British writer V. S. Naipaul took the Nobel in 2001 “for having united perceptive narrative and incorruptible scrutiny in works that compel us to see the presence of suppressed histories," the awards committee said in a statement. He was born to Indian parents in the town of Chaguanas, on the island of Trinidad.
He has taken up India in both his fiction and his politics, aligning himself with right-wing Hindutva ideology. The New York Times said at the time: "Like many writers, Mr. Naipaul is often a better guide to the world in his prose than in his spoken remarks, which have resulted in accusations of homophobia and racism."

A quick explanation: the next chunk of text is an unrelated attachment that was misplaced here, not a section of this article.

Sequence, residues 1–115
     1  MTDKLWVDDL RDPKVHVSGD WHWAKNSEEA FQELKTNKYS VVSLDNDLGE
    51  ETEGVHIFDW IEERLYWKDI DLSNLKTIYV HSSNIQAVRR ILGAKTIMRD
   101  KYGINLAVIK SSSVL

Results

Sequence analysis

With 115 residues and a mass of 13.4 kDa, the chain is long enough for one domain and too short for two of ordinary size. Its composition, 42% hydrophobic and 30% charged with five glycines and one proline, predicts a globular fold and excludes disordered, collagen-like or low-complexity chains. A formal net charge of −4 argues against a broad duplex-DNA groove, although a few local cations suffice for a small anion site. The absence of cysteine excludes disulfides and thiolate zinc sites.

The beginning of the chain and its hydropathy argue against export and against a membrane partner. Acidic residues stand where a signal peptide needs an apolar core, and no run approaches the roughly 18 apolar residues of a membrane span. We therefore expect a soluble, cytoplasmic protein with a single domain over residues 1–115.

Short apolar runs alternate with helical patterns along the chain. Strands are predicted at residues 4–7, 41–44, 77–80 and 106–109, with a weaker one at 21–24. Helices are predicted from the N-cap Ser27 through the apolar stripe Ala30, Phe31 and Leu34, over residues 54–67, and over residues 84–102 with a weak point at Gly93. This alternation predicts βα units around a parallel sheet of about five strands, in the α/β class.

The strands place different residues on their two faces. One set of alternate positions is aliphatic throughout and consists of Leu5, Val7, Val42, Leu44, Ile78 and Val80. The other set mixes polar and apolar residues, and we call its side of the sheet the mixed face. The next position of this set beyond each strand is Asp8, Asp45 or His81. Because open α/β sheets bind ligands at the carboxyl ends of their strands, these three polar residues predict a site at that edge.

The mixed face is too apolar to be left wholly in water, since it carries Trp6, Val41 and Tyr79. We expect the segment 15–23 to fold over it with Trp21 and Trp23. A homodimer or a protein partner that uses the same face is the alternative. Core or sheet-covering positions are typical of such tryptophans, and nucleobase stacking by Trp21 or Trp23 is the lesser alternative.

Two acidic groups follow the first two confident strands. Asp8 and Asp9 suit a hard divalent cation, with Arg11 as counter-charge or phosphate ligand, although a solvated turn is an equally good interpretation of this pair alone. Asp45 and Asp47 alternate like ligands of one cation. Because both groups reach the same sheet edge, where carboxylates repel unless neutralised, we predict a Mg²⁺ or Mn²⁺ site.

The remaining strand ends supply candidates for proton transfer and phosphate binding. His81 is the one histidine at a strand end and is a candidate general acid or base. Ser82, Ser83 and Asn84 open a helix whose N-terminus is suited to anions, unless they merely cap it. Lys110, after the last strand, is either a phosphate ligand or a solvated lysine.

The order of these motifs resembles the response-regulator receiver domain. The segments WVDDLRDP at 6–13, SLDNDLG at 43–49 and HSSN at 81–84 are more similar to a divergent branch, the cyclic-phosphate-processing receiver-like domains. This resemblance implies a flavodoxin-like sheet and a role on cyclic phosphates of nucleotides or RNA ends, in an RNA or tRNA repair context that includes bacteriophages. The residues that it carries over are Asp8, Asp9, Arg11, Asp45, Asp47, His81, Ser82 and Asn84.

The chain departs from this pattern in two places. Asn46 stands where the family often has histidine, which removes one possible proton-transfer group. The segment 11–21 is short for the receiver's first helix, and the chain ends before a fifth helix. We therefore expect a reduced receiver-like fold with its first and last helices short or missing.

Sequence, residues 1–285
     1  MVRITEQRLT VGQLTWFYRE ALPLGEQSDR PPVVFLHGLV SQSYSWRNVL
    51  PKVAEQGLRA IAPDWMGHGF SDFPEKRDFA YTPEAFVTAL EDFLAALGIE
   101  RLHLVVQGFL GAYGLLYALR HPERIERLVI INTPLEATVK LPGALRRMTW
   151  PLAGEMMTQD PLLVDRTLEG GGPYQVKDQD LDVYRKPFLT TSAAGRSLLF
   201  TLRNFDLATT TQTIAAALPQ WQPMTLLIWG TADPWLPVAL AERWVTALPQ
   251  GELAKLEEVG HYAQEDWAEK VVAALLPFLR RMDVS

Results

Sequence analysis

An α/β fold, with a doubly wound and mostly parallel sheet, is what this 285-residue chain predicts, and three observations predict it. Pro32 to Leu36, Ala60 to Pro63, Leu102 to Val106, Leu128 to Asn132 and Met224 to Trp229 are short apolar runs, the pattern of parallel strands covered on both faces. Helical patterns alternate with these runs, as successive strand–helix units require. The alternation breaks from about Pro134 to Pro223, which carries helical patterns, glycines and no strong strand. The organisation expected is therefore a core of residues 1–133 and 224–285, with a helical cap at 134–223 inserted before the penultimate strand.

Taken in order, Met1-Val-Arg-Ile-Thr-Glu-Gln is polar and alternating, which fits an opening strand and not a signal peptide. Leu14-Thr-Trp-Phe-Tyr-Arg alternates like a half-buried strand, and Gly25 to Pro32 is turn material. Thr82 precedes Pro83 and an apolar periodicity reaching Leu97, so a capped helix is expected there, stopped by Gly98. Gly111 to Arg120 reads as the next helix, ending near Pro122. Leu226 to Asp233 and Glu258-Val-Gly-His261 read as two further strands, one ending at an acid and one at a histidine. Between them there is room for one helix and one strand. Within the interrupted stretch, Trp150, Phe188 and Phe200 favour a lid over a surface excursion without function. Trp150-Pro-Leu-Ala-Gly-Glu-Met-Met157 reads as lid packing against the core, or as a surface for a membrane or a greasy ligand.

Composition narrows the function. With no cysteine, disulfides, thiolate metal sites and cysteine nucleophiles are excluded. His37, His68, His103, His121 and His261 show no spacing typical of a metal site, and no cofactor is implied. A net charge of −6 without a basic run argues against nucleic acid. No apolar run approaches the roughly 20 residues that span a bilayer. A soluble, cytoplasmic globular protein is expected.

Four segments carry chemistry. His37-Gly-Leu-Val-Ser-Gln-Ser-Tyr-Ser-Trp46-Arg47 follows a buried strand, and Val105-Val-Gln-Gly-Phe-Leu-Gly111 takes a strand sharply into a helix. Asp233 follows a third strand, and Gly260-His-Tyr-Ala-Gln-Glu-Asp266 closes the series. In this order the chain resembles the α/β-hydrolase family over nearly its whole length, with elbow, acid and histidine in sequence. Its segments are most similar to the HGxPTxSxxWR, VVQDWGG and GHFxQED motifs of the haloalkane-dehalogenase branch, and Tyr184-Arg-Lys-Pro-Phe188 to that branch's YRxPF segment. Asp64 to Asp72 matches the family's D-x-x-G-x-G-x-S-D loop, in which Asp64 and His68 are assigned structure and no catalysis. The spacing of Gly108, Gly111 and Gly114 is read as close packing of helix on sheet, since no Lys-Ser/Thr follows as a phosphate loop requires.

He has in the past declared the novel is dead, though he continues to write them.